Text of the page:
Lastly, Kesler outlines the major Neoconservative mistakes:
1. “As an abstract matter, Americans would like to see every nation in the world enjoy the blessings of liberty and democracy, because we know how fine these are. But the matter at hand is a question not of good will but of good policy. Is Iraq worth it?” Sure, Iraq had done all these nasty things, and played the UN for spineless fools. But at the end of the day, “Iraq was not that important to us. It could seem that important to us, as important as Germany and Japan had been, only by imagining that an utterly transformed Iraq would become an outpost of liberal democracy in the Middle East, a bulwark against terrorism and Islamic fanaticism; and that Iraq in turn would utterly transform the whole Middle East into a land of milk and honey, not to mention democracy and peace. It is never a good idea to multiply improbabilities as the basis of one’s foreign policy.”
2. They minimized how tough democracy is to achieve; “what a high and difficult calling republicanism is.”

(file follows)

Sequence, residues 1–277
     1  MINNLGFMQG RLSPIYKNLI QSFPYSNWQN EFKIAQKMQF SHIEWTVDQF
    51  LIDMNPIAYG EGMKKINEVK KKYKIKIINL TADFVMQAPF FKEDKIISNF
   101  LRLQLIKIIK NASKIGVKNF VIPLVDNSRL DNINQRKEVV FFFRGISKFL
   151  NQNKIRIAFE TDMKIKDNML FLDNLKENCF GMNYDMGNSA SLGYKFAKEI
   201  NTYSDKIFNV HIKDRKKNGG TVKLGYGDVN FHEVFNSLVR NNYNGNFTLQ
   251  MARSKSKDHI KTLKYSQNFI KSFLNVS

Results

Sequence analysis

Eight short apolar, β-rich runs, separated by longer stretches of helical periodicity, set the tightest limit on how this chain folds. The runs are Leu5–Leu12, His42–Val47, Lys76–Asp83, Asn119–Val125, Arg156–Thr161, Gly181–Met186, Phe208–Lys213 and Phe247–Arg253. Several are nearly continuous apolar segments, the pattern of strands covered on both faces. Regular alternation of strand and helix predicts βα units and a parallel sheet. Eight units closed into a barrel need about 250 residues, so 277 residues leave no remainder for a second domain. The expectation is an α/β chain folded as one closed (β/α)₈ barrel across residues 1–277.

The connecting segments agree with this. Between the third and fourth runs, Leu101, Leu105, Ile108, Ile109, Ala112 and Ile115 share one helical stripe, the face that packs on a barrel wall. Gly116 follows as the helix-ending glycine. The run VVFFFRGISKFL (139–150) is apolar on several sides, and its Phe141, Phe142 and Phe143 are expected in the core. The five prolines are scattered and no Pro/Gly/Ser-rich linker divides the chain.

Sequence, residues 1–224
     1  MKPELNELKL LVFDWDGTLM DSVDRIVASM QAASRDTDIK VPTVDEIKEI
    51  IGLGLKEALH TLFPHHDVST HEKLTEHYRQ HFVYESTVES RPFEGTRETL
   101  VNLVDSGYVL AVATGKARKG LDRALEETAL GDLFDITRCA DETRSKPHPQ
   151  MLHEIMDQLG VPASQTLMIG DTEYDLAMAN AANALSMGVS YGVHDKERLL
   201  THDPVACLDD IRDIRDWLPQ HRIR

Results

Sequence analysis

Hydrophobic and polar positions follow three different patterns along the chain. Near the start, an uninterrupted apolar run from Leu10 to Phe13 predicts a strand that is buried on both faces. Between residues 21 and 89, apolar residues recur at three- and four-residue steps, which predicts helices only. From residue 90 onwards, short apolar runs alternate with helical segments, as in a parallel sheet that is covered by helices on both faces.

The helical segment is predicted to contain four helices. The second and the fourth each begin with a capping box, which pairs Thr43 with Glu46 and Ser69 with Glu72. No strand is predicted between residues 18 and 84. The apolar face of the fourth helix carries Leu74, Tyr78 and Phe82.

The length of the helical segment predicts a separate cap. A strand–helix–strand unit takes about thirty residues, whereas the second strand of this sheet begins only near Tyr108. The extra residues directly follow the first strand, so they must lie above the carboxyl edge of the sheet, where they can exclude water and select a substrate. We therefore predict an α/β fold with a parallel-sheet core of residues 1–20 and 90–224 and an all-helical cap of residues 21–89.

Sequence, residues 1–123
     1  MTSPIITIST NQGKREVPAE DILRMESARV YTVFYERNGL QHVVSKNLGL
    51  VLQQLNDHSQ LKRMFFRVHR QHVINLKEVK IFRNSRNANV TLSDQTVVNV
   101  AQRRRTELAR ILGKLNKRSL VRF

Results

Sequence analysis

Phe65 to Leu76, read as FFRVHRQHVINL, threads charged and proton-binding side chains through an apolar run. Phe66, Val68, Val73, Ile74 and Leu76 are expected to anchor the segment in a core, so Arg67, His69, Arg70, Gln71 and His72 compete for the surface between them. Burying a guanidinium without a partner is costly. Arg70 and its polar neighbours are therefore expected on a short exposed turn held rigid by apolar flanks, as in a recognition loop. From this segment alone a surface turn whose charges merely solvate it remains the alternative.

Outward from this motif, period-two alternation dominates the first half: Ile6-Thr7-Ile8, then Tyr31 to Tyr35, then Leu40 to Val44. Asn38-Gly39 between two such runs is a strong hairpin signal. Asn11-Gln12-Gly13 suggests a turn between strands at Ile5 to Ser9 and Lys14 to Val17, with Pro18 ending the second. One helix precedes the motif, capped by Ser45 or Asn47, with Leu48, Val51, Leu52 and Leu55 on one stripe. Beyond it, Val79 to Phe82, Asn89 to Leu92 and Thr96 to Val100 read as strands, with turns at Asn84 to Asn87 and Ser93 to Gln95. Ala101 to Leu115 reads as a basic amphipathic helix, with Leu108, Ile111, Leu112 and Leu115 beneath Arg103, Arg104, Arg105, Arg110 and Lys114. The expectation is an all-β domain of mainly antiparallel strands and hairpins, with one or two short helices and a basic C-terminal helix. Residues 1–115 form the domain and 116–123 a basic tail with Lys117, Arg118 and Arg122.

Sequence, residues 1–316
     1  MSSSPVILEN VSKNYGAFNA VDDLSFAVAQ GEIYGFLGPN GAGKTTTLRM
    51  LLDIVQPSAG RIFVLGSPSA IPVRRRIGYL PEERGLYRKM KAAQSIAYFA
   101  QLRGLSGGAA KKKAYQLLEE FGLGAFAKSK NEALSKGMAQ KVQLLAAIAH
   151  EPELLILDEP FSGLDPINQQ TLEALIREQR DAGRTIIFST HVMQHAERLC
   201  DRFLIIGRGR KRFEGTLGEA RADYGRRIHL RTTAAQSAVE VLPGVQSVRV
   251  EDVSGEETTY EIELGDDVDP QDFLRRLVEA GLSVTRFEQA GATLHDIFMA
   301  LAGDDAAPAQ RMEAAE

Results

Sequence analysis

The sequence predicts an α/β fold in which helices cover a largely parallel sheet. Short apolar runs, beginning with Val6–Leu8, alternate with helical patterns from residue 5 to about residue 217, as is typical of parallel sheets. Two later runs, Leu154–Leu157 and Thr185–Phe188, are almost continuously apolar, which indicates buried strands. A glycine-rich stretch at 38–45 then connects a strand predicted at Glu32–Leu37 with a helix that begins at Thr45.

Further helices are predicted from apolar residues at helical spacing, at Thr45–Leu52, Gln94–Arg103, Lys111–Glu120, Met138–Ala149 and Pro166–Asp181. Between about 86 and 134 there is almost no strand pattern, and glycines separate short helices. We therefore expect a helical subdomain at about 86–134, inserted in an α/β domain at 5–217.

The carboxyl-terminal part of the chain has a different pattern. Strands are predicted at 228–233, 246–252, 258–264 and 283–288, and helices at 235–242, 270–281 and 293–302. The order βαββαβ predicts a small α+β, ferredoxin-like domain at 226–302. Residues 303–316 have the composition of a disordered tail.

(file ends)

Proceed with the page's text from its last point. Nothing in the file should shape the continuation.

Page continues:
These points are well taken. Ultimately though, they fail. First, Iraq doesn’t need to be as safe as Toronto before we leave. Heck, it doesn’t even have to be as safe as Washington. We are further along than his first point implies. Iraq in many ways has already won.
But most importantly, Kesler is arguing the failure of a strategy (Bush Doctrine / Invasion of Iraq) because of the failure of our tactics. It is a rational folly to do so. No good planner denounces his strategy because his tactics did not work. Let’s not throw the baby out with the bath water here. Had we treated Iraq from its inception as an occupation (which the Surge is now trying to do), and began immediately rebuilding and concentrated on funding local governments rather than taking a state department, big government, corrupt, top down approach (which is what the Surge is now trying to do) who knows where we would be now? If we had jailed and tried abettors like Iranian soldiers from the beginning, rather than some spineless catch and release program, who knows the affect on public discourse? If the White House had run even a fair to middling PR campaign on the War and its progress, rather than leaving its enemies (including by now the western press) to define every moment (including many they made up), how would that be affecting this essay?